The Wii lasted exactly six years before its bigger, more confusing sibling, the Wii U, replaced it. When the Wii U dies, it’ll be just a hair under four and one-third years old. The release of the long-awaited The Legend of Zelda: Breath of the Wild will be the console’s dying gasp. Nintendo of America President Reggie Fils-Aime spoke to Polygon earlier this week, confirming what we’d sort of assumed to be true.

“From a first-party standpoint, there’s no new development coming after the launch of The Legend of Zelda: Breath of the Wild,” he said. “We really are at the end of life for Wii U.”

Fils-Aime told Polygon that Nintendo had not yet begun discussions for ending online services for titles like Mario Kart and Splatoon, and said that the system and its games will continue to be sold at retail for some time.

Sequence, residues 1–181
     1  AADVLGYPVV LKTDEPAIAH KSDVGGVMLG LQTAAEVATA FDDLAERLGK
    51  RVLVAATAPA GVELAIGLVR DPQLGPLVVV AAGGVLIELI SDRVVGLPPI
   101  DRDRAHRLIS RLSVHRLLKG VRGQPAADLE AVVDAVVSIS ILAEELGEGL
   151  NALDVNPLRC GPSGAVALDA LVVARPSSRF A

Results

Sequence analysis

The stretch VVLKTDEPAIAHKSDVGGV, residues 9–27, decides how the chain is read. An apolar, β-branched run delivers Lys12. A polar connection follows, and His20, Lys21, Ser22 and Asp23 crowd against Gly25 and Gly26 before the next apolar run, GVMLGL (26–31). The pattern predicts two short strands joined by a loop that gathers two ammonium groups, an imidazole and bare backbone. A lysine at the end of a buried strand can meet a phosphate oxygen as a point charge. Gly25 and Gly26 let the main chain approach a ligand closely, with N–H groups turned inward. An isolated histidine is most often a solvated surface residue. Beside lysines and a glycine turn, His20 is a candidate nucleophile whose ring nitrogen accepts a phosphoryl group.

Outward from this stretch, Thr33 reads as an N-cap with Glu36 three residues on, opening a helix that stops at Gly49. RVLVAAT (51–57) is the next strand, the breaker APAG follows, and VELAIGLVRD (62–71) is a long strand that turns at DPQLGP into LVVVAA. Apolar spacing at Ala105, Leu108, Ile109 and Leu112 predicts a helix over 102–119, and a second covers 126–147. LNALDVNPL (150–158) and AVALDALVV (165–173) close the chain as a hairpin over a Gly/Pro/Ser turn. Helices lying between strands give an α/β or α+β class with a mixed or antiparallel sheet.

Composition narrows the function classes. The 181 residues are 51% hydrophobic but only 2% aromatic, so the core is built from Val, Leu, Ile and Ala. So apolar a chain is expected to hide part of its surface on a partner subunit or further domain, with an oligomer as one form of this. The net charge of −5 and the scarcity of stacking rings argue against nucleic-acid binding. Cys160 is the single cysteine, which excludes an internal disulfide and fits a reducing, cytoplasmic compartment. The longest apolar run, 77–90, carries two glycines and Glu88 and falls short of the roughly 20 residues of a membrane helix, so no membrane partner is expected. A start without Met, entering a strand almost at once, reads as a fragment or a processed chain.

A short, tough life for the Wii U

In the long history of consoles, four years and change isn’t actually a terribly short life. Many of the biggest consoles over the years had about five years of life before they were replaced by a successor or overtaken by a competitor’s newer technology.

But to lump the Wii U in with its ancestors denies the context in which it existed. For the four years the Wii U spent on the market, it struggled for all of them. It absolutely had some banner titles that should be included as some of Nintendo’s very best, but the truth is that one of Nintendo’s most successful consoles was followed by one of their least successful. The system lasted almost five years, but it was five years of clawing and scraping for attention.

Meanwhile, the Xbox 360 and PlayStation 3 sold for nearly a decade each and their successors show no signs of slowing down. During the lifecycle of the Xbox 360, Nintendo saw the Wii go through its entire lifetime, followed by most of that of the Wii U.

Just like The Legend of Zelda:  Twilight Princess was one of the GameCube’s last games, so will Breath of the Wild be one of the Wii U’s.